In the mid-1980s while working at Bath Iron Works, one of the documentation specialists for the Electrical Engineering Department raved about this PC that so improved the quality and speed of his work. “Called an Apple,” he exclaimed, “it’s incredible, man. It’s like I do my work the way that I want to without wasting time on how the machine works. It’s unbelievable! Everybody in the Department should have one.”
Then I moved to North Carolina and hooked-on to a start-up where everyone was issued one of these Macs with the 9″ screens. We could open two documents at once – yeah, baby! – network with other Macs and even share a $10,000.00 laser printer around the cubicle farm.
Paid $2,200.00 in 1990 for a Mac with 2 megabytes of RAM and a dot matrix printer.
But somehow these Apple products had a feminine overtone; real men used DOS (before Windows 95 introduced phrases such as Blue Screen and Security Patch into the office vernacular). No doubt that Apple had plenty of chances to rule the roost if only they woulda licensed the operating system to other PC manufacturers. Finally, Windows did catch-up by virtue of its broad distribution relegating the Mac to beatniks and hippies and designers and those who favored taste eg ease of use over price. Apple hovered at loyal 6% market share for a long time.
Jobs was replaced by the man from Pepsi, John Sculley, who was replaced by the German Diesel, Michael Spindler, who tried to sell Apple to IBM or Sun or Philips, and then was replaced by the NCR execs Gil Amelio and Ellen Hancock. Folks, those were dark days of fractured market positioning and the dullest of product ideas. Mac batteries were reported to burst into flames on occasion. My related personal misfortune was to be an Apple developer during the Spindler-Amelio period; visits to Cupertino felt like a tour of a movie set were a once renown film was made. “Watch out for tumbleweed in the lobby” sort of ambience.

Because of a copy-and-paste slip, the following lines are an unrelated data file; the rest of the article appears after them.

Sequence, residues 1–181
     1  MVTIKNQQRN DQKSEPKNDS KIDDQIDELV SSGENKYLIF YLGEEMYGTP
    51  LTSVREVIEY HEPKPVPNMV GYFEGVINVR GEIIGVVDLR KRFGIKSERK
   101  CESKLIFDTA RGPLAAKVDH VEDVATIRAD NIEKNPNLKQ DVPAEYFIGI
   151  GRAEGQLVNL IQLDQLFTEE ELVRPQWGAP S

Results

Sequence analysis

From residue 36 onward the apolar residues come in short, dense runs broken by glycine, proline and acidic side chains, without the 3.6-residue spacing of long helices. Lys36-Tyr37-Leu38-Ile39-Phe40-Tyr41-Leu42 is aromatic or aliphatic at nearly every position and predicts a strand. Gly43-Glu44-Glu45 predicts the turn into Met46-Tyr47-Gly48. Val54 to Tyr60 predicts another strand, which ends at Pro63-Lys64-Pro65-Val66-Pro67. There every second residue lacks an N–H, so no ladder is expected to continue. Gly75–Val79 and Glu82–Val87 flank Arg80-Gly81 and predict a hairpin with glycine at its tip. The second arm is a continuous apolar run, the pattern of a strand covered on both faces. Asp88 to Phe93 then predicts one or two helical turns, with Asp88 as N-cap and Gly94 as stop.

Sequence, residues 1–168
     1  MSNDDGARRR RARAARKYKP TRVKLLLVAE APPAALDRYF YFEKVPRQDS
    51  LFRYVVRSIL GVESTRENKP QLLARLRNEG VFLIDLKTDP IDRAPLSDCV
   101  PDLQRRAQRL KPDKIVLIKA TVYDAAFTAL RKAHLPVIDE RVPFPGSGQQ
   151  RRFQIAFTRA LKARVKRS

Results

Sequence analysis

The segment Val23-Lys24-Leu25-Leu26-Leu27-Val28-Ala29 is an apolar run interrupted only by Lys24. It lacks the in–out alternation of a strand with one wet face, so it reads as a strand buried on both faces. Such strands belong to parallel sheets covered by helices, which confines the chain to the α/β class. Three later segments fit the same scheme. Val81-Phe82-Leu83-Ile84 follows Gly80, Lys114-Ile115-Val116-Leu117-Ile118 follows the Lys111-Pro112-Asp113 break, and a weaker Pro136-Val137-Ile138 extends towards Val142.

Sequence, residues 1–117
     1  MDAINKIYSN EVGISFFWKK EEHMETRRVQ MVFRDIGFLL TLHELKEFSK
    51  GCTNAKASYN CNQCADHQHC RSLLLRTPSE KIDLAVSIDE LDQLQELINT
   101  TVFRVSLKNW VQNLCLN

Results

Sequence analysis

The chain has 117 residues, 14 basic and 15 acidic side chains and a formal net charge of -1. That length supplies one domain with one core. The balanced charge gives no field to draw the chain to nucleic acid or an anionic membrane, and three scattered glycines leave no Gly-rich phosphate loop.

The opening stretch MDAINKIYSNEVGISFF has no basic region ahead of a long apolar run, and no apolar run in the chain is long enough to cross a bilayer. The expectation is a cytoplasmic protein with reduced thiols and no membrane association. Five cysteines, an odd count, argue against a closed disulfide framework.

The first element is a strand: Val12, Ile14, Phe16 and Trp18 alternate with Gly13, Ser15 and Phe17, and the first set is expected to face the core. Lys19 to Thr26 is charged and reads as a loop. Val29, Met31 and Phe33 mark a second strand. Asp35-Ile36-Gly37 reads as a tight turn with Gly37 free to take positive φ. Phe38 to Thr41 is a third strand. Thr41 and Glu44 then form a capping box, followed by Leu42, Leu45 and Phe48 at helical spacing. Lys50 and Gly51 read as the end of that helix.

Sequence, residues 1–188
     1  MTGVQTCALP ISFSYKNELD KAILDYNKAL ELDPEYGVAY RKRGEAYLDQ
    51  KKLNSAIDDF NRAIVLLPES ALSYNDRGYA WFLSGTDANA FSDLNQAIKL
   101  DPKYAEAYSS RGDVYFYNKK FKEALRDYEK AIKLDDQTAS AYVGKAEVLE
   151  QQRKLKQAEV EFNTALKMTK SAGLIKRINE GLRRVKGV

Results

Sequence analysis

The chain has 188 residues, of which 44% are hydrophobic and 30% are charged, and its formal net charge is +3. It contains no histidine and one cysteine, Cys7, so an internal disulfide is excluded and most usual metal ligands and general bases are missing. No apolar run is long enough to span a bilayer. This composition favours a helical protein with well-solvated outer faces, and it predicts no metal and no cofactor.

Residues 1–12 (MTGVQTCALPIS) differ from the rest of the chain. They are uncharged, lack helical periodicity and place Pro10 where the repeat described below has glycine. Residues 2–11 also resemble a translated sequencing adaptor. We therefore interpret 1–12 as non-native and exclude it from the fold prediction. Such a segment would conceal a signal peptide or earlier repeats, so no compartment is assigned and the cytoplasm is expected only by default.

No one dreamed that Jobs would return; that Pixar would rescue Disney; that Apple would invigorate both our telecommunications and retail shopping industries. I spoke with a senior banking executive last week who purchased recently his first Mac product. He said, “when you get it, it’s like.. sort of feels like…” he hesitated. Two of us finished his remark by saying, ‘it’s like receiving a present so well packaged is the product and so welcoming to open. We all feel that way.” He agreed. My colleague rejoined, “I keep my Apple packaging.” With a conspiratorial smile, the exec agreed that he kept his also.
I paid $750 for a Newton in 1993! Hand-writing recognition estt not soet grtate, tho.
I could dance all night on the wonder of this company and the genius of the man who steered it to its brilliance. Of course, I’m saddened by his ill health and scared that we’ll retreat under the onslaught of the cost-accountants and marketeers who treat us as though, well, we have no taste.
For now, and amidst this uncomfortable economic time, we must admit that we have an example of design genius, marketplace understanding, technology-driven productivity and a vivid example that beauty and function are indeed compelling roommates.